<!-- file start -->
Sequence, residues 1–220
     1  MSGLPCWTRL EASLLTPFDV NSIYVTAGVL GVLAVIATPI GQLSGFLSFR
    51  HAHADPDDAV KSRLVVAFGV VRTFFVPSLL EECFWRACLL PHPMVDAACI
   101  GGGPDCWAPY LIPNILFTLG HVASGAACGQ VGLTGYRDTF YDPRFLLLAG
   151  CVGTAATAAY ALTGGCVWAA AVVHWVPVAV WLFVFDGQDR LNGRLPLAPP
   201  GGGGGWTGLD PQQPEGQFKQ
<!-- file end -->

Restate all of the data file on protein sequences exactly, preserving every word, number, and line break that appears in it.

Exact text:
Sequence, residues 1–220
     1  MSGLPCWTRL EASLLTPFDV NSIYVTAGVL GVLAVIATPI GQLSGFLSFR
    51  HAHADPDDAV KSRLVVAFGV VRTFFVPSLL EECFWRACLL PHPMVDAACI
   101  GGGPDCWAPY LIPNILFTLG HVASGAACGQ VGLTGYRDTF YDPRFLLLAG
   151  CVGTAATAAY ALTGGCVWAA AVVHWVPVAV WLFVFDGQDR LNGRLPLAPP
   201  GGGGGWTGLD PQQPEGQFKQ